Cable360AM — News briefing for Monday, Sept. 24 »
Arris announced last night it will buy C-COR for $730 million, creating what the two tech companies call the largest "pure-play provider" of equipment and services to the cable industry. The deal is subject to shareholder and regulatory approval and is expected to close in January.
Cox Communications will offer five NBC fall primetime series on free VOD (Life, Bionic Woman, Friday Night Lights, 30 Rock and Las Vegas) in its Orange County and Palos Verdes, CA, system. Orange County is Cox’s test site for its closely-watched VOD trial with Disney this fall, offering four ABC series (Desperate Housewives, Ugly Betty, Grey’s Anatomy and Lost) plus select ESPN on ABC college football games on free VOD with fast-forwarding (no ad-skipping) disabled.
As broadcast networks kick off the fall TV season tonight, TV Guide launches a multi-platform consumer campaign to guide viewers through the new shows. The New York Times previews broadcasters’ fall premieres this week here and notes in a separate story that viewers should brace for a flood of on-air snipes (those annoying pop-up graphics that plug shows other than the one you’re watching) this week.
Discovery Communications is a step closer to going public following parent company Liberty Media‘s SEC filing Friday indicating it’s in preliminary talks to buy out Advance/Newhouse‘s 34% stake in Discovery Holding Company in exchange for a stake in Discovery Communications. [Washington Post]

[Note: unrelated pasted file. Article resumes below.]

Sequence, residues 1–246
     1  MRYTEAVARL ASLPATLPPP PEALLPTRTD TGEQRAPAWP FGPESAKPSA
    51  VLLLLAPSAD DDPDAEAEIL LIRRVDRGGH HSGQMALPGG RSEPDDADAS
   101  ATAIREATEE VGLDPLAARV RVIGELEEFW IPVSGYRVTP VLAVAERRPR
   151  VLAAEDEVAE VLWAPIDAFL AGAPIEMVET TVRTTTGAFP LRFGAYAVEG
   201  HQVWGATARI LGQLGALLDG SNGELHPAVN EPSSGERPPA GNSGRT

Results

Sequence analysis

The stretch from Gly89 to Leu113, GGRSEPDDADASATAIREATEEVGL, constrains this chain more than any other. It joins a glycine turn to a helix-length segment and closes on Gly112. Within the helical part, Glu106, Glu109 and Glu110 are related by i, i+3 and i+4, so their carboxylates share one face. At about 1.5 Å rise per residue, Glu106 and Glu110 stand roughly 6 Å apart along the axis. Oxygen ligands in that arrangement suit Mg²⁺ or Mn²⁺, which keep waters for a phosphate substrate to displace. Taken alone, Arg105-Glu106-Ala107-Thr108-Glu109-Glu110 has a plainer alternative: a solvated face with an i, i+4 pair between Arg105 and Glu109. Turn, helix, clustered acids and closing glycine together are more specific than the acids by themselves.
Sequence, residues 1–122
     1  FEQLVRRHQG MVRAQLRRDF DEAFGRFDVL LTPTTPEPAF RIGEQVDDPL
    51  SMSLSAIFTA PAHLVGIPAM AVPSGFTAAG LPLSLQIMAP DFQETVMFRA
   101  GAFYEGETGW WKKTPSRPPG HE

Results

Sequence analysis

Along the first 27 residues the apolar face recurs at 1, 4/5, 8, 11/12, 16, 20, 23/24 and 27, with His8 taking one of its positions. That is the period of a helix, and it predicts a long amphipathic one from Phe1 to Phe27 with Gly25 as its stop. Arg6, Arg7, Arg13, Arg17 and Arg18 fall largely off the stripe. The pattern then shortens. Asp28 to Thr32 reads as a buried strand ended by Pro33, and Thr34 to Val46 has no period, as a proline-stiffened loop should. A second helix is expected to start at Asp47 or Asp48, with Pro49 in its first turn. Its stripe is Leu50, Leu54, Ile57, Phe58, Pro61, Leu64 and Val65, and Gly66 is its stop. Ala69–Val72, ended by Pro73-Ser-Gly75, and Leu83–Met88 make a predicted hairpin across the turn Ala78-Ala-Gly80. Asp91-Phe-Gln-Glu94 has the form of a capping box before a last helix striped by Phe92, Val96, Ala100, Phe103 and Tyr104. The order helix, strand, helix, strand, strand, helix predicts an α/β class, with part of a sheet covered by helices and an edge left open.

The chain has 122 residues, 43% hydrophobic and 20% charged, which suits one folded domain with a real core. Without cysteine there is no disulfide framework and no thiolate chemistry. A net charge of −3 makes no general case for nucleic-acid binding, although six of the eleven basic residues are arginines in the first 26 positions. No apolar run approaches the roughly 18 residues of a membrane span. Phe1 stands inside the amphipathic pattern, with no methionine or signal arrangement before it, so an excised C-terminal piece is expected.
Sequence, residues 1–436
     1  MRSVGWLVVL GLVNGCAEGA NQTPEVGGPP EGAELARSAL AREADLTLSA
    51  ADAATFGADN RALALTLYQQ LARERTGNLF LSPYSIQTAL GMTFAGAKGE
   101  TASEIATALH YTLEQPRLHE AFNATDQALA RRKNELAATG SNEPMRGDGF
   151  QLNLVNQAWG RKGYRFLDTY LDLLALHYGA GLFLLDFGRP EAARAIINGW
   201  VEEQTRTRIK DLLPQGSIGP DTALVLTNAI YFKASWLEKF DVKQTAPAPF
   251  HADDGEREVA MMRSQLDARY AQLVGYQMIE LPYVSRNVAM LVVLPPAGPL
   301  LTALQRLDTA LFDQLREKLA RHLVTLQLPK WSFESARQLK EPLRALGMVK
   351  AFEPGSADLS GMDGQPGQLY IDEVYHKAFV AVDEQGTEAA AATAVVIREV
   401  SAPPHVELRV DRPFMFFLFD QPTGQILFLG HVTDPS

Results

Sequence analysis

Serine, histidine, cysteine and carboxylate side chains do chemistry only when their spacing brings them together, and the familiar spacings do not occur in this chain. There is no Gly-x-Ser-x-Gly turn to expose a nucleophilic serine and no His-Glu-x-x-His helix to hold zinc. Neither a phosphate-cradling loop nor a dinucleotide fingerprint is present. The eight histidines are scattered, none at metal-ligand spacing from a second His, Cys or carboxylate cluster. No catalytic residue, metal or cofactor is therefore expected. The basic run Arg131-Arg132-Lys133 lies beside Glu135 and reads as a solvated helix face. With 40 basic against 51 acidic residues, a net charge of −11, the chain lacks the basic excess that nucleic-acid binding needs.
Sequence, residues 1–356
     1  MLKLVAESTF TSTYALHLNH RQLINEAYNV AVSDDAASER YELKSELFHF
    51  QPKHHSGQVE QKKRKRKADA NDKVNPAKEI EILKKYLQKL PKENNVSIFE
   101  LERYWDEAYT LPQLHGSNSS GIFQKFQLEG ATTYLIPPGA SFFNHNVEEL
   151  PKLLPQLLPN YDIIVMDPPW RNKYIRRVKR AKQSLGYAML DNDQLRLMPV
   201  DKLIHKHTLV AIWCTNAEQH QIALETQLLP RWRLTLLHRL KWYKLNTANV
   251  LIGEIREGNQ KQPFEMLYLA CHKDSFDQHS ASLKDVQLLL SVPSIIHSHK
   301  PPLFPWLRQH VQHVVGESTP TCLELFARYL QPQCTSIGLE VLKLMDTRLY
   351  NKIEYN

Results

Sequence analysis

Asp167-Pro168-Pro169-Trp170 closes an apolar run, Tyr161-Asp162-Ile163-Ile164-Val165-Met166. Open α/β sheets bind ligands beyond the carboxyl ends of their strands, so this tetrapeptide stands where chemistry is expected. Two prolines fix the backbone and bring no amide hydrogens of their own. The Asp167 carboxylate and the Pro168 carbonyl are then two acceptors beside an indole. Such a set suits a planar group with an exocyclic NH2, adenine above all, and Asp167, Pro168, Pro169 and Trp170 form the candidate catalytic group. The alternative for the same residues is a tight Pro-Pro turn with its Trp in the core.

Pali Capital‘s Rich Greenfield got the Discovery scoop (before the SEC) from Liberty Media head John Malone, who also told analysts Friday that discussions to merge his new look QVC with rival HSN stalled on "valuations," not antritrust concerns, notes Reuters.
Sanford Bernstein analyst Craig Moffett tells Barron’s "what’s it like to be recommending the purchase of Comcast shares at a moment when the market clearly hates the sector: ‘It sucks.’"
Comcast this week launches Breast Cancer Hope, a free VOD and online channel featuring content from cable network partners Lifetime, Style, HBO, Discovery Health, Exercise TV plus breastcancer.org. The initiative is both a public affairs push and personal (for Comcast chairman and CEO Brian Roberts’ wife Aileen).
Would Cablevision exchange AMC, IFC and WE for the YES Network? That’s one scenario being floated as Goldman Sachs reportedly pitched Cablevision CEO Jim Dolan last week about taking a stake in the Yankees-centric sports net, reports the New York Post.
Dolan, meanwhile, is busy fighting stories like this in the wake of a lawsuit by former MSG employee Anuch Browne Sanders, whose sexual harassment trial in New York against NY Knicks coach Isiah Thomas also involves Cablevision and the Garden as defendants.